He ended up being a mere stop gap at Everton, where he lasted only 167 days in charge

He ended up being a mere stop gap at Everton, where he lasted only 167 days in charge

Allardyce has never been afraid of his own opinion, nor short of faith in his own ability to compete with the biggest clubs and the most acclaimed managers, feted for their tactical wizardry.

Now he fears we are hurtling towards a competition subdued by a homogeneous brand of football which favours the wealthiest clubs who can afford the best players and the biggest squads.

‘Pep Guardiola has moved us all forward in a direction we’re all happy with,’ says Allardyce. ‘But there’s a dangerous trend towards over-playing and thinking you can only play this one way.

‘Following that trend means the Premier League will become very boring if everybody plays the same way. The Premier League as the best in the world was down to the variation in styles and systems. Managers created such a fabulous league and we could be in danger of losing that.

‘Football is entertainment. You have to entertain as well as win, I understand that, but this is eroding the basics of the game because if you give the ball away in your own half you’re going to fail miserably.

‘What’s your job as a centre half? At the moment everyone seems to think it’s to play out from the back, which goes against all the principles ever taught in football.

Allardyce embraces Manchester City boss Pep Guardiola on the touchline in January 2017

Allardyce embraces Manchester City boss Pep Guardiola on the touchline in January 2017

‘Too many players are giving the ball away in their own half.

‘It’s fine if you have the best players in the world because you’re going to do it better than anyone else, and if you don’t it’s very difficult.’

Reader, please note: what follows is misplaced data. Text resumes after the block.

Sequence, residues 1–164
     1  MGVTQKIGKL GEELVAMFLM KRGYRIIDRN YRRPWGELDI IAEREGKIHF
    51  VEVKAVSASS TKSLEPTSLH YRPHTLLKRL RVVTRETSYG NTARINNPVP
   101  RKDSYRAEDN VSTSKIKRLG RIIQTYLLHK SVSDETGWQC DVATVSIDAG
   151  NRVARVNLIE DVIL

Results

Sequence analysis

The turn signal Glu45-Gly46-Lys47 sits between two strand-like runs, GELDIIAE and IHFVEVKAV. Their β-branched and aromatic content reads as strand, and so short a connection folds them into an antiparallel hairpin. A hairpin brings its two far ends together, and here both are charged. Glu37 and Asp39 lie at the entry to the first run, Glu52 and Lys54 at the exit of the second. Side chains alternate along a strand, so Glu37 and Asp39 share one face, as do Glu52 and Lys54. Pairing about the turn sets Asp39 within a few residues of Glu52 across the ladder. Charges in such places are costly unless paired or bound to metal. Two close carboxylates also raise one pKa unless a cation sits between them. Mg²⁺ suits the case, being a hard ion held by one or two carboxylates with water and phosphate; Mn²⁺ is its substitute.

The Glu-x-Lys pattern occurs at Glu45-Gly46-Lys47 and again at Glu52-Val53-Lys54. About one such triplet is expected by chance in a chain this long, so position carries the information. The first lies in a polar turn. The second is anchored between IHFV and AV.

Guardiola and Jurgen Klopp, he points out, are not afraid to go direct and launch the ball long and inject variation into their style. ‘Liverpool play long ball very well indeed from right to left, and very quickly,’ says Allardyce. ‘But nobody will say Liverpool play long ball.

‘You wouldn’t hear Martin Tyler saying it because it would be frowned upon.

‘You’ve got to be careful about saying Liverpool play long ball. But that’s the way it is. They play long ball exceptionally well and better than anybody else. And that’s why they do it.

‘One of the best long-ball players is the goalkeeper at Manchester City. His long balls are unbelievably effective. So when you think you’re tying them down he goes ‘bosh’ and the ball is in your box and Sergio Aguero is scoring.

‘The top clubs have different ways to beat you. So this emphasis on playing out at the back is over-cooked. Over time it’ll work its way out and we’ll return to normality.’

Allardyce is complimentary of Jurgen Klopp's Liverpool, who he calls a 'long ball' team

Allardyce is complimentary of Jurgen Klopp’s Liverpool, who he calls a ‘long ball’ team

His passion fires and his instinct is drawn from the experience of a lifetime in the game and more than a thousand games as a manager, many of them in the top flight, in charge of seven different Premier League clubs.

‘I do miss it, some things more than others,’ says Allardyce. ‘Mostly I miss getting up in the morning and driving in to deal with the expectations of your club and taking that challenge on.

‘If the right opportunity comes then great, I’ll go into it 100 per cent, and if not I’ll continue doing what I’m doing.’

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Source: DailyMail